What Happens Within the Brain During Hypnosis?

Updated: Jul 3

Why Slowing our Brainwaves is Key to Hypnotherapeutic Success

The Existence of the Hypnotic State has Been Observed and Proven:

I've had many people ask me if the hypnotic state is real and the answer is yes! Since 1929 non-invasive medical imagery such as electroencephalograms (EEGs) have allowed us to measure and record electrical signals, otherwise known as brainwave activity, whilst contemporary advances, such as functional magnetic resonance imaging (fMRI) have allowed neurophysiologists and neuropsychologists to observe that our brains behave differently whilst under hypnosis. We can now see in real time, the areas of the brain which ‘light up‘ when responding to stimuli, and which areas go 'offline' whilst in a hypnotic state.

How the Hypnotic State is Reached:

Our hectic, modern lifestyles often make it difficult for us to achieve a quiet state of mind where the brain can be emptied of unhelpful, worrying, self-limiting thoughts, feelings, and emotions. Hypnosis, with its associated state of deep physical and mental relaxation makes it one of the most useful non-pharmacological processes that we can harness in our pursuit of improving our mental health and changing the ways in which we live our lives.

All hypnotherapy sessions begin with an induction. Some practitioners like to use rapid inductions and you may have seen some of these techniques utilised by stage hypnotists such as Derren Brown. The 'handshake' technique or simply clicking your fingers and demanding sleep are fine, as long as the person up on stage is willing to go along with everything demanded of them, but this is not how hypnotherapy is conducted.

I'm not a fan of rapid inductions at all and prefer to give clients a thorough and relaxing hypnotic experience whilst they are working with me. Progressive muscle relaxation (PMR), and intermittent concentration techniques are my favoured approaches. Following an induction, a deepener then follows which guides us into a deeper state, hopefully to the alpha-theta border. After all, relaxation as you will see, is key to entering a reparative and meaningful hypnotic state.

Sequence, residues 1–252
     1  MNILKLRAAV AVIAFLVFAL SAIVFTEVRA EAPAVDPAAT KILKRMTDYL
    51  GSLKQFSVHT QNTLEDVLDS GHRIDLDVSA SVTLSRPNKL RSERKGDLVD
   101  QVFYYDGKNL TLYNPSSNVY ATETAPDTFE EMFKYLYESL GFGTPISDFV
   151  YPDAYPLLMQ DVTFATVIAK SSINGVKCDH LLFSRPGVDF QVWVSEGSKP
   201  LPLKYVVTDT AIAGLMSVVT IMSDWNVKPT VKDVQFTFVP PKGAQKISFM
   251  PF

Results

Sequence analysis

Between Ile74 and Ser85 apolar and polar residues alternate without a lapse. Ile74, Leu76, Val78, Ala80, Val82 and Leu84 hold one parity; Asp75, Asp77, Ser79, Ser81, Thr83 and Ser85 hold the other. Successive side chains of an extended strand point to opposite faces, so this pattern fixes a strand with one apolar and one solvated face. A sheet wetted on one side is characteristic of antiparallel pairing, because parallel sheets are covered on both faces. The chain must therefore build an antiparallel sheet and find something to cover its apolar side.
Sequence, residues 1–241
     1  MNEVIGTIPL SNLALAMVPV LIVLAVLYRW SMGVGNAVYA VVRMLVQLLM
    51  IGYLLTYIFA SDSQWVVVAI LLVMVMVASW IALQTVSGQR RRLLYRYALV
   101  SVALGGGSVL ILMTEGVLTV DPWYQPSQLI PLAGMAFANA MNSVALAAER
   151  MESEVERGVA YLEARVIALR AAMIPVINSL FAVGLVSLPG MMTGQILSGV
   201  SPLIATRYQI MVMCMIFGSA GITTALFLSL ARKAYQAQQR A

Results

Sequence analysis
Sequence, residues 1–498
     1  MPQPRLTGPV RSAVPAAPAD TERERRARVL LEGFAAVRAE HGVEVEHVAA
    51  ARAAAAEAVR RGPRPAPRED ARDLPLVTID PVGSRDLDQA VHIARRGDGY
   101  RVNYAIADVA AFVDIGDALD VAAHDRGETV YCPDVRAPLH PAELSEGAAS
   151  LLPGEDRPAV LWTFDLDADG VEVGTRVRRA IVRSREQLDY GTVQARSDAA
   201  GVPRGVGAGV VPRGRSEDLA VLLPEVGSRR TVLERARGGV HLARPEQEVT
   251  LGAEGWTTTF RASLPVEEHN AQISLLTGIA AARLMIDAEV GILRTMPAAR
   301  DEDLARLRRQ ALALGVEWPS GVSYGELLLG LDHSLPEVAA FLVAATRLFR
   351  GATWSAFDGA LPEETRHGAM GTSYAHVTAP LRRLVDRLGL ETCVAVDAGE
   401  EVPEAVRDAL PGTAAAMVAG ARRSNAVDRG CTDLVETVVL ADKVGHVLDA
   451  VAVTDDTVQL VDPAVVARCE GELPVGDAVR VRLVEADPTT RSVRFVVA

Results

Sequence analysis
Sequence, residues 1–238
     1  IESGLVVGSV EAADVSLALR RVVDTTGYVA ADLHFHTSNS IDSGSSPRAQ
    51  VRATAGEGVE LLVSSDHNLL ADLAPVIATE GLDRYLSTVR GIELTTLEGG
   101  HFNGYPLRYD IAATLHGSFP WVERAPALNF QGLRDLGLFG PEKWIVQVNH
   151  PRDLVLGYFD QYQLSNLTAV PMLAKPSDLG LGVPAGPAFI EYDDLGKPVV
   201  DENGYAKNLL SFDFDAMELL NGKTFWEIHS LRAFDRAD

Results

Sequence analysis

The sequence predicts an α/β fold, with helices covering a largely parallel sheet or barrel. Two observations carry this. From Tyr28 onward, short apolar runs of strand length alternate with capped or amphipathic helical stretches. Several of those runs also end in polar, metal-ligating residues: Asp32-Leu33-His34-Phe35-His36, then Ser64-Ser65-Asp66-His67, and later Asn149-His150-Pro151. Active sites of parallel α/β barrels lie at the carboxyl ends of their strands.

Differing Levels of Brain Activity:

There are four types of brainwaves which we are concerned with during the process of hypnosis. These are beta waves, alpha waves, theta waves, and delta waves. The wave frequencies through which our brains fluctuate do not jump up and down randomly, they flow between the stages. As we go to sleep we go from beta to alpha, theta to delta, and when we wake, we reverse back up.

How do These Brainwaves Affect Hypnotic Depth?

Beta waves are produced during normal waking consciousness, the state in which we spend the majority of our day. During these times we are alert and utilising our neocortex, the centre of logic, rationality, and critical reasoning. In a beta state our brain is concentrating, learning, and analysing risk. We may be engaged in conversation, feeling fear or anger, or giving our full attention to a task, such as driving to somewhere we haven’t been before. When viewed on an EEG, beta waves are recorded as being in the highest range, between 15 to 40 cycles / second.